In FIG. 15 there is shown one exemplary embodiment of a package 24 constructed in accordance with this invention. The package 24 basically comprises what is commonly referred to as a stand-up pouch or bag having a lower portion of parallelopiped shape. The package can be made of any suitable, flexible material, such as a laminate film, a coextruded film, combinations thereof, et., that are used by the flexible packaging industry. In this embodiment the bottom of the package 24 has a square shaped bottom wall, as seen in FIG. 17. An alternative package, which constitutes a modification of the package of FIG. 15, is shown in FIG. 12 and is designated by the reference number 24′. That package also includes a square bottom wall. The shape and cross sectional area of the bottom portion of each of the packages 24 and 24′ is essentially the same as that of the opening 34 so that either package can be introduced into the opening 34 for passage therethrough as described above and so that the blades of the penetrating assembly can effectuate an X-shaped aperture or cut extending to each corner of the package. Thus, the flaps produced by the cutting action of the penetrating assembly encompass the entire bottom wall of the bag. This feature ensures the most effective and efficient emptying of the contents of the package, i.e., the flowable material should not be trapped at any location within the interior of the package.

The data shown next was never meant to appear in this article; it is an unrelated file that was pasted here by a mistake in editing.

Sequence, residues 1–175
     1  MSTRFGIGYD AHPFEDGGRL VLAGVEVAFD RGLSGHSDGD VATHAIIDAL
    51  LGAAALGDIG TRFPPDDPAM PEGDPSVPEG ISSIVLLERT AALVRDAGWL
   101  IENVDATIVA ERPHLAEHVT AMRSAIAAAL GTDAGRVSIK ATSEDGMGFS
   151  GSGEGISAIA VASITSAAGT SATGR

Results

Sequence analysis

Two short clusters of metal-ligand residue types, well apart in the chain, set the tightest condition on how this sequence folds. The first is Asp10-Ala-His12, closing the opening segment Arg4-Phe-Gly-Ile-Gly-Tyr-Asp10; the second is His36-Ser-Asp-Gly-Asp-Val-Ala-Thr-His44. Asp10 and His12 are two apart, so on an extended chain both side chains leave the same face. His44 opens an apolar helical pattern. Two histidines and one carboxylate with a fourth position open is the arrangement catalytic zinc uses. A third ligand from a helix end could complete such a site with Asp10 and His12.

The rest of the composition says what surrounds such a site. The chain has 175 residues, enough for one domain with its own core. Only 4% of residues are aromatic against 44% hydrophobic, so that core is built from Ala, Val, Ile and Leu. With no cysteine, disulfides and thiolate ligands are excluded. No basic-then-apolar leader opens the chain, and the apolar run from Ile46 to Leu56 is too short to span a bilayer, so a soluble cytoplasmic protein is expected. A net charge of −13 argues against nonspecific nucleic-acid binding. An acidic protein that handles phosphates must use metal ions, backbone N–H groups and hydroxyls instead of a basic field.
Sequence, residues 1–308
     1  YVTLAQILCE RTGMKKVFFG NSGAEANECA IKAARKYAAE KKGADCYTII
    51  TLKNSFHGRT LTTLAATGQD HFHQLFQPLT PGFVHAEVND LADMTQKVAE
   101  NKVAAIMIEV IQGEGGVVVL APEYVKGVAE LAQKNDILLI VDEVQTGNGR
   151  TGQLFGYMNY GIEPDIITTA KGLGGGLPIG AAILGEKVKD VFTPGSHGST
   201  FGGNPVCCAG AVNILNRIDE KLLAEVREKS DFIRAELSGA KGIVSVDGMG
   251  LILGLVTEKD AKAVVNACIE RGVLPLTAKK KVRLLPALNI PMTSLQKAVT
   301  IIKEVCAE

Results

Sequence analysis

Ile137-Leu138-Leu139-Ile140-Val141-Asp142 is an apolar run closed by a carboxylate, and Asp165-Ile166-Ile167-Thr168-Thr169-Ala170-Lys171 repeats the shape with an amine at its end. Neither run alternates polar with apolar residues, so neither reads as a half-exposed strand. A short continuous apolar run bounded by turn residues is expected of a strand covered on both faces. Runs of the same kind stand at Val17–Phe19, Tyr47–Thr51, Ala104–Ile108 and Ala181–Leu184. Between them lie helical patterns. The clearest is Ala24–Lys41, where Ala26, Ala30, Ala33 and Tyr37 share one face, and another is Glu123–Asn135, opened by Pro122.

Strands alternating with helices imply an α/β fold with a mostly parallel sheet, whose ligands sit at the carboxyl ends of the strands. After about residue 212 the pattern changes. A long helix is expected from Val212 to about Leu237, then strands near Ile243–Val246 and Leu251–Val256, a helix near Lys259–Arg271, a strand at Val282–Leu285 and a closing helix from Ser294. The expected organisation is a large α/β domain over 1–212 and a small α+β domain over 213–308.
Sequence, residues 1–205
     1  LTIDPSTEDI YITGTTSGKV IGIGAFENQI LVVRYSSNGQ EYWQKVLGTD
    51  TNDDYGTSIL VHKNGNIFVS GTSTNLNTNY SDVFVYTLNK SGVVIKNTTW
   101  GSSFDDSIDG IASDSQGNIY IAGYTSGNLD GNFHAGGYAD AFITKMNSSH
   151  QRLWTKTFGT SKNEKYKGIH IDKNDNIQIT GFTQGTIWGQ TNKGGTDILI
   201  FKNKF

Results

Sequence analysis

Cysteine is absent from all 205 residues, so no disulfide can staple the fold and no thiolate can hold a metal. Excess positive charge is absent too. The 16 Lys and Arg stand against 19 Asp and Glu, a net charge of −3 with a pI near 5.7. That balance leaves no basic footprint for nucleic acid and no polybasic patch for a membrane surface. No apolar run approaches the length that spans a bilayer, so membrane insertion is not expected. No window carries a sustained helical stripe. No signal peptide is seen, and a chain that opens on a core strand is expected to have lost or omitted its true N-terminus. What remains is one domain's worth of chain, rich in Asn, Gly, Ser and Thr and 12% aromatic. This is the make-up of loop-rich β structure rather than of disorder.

The package 24 can be fabricated various ways. One such way is shown in FIGS. 10A, 10B and 10C. In particular, a single web 100 of any suitable flexible material is folded into the configuration shown in FIG. 10A, to create a front panel 102, a rear panel 104 and a gusseted bottom panel 106. The front panel 102 has a first linear, side edge 102A and a second linear side edge 102B and a bottom linear edge 102C. The rear panel 104 has a first linear, side edge 104A and a second linear side edge 104B and a bottom linear edge 104C. The first and second linear side edges of the panels 102 and 104 are disposed opposite and parallel to each other. The gusseted bottom panel 106 interconnects the bottom edges 102C and 104C of the front panel and rear panels, respectively. The gusseted bottom panel 106 includes a front gusset section 106A and a rear gusset section 106B. The front gusset section 106A is connected to the front panel 102 along the bottom edge 102C (a fold line) of the front panel. The rear gusset section 106B is connected to the rear panel 104 along the bottom edge 104C (a fold line) of the rear panel. The front and rear gusset sections 106A and 106B, respectively, are connected together along a central inner fold line 108 extending parallel to the bottom edges 102C and 104C of the front and rear panels, respectively.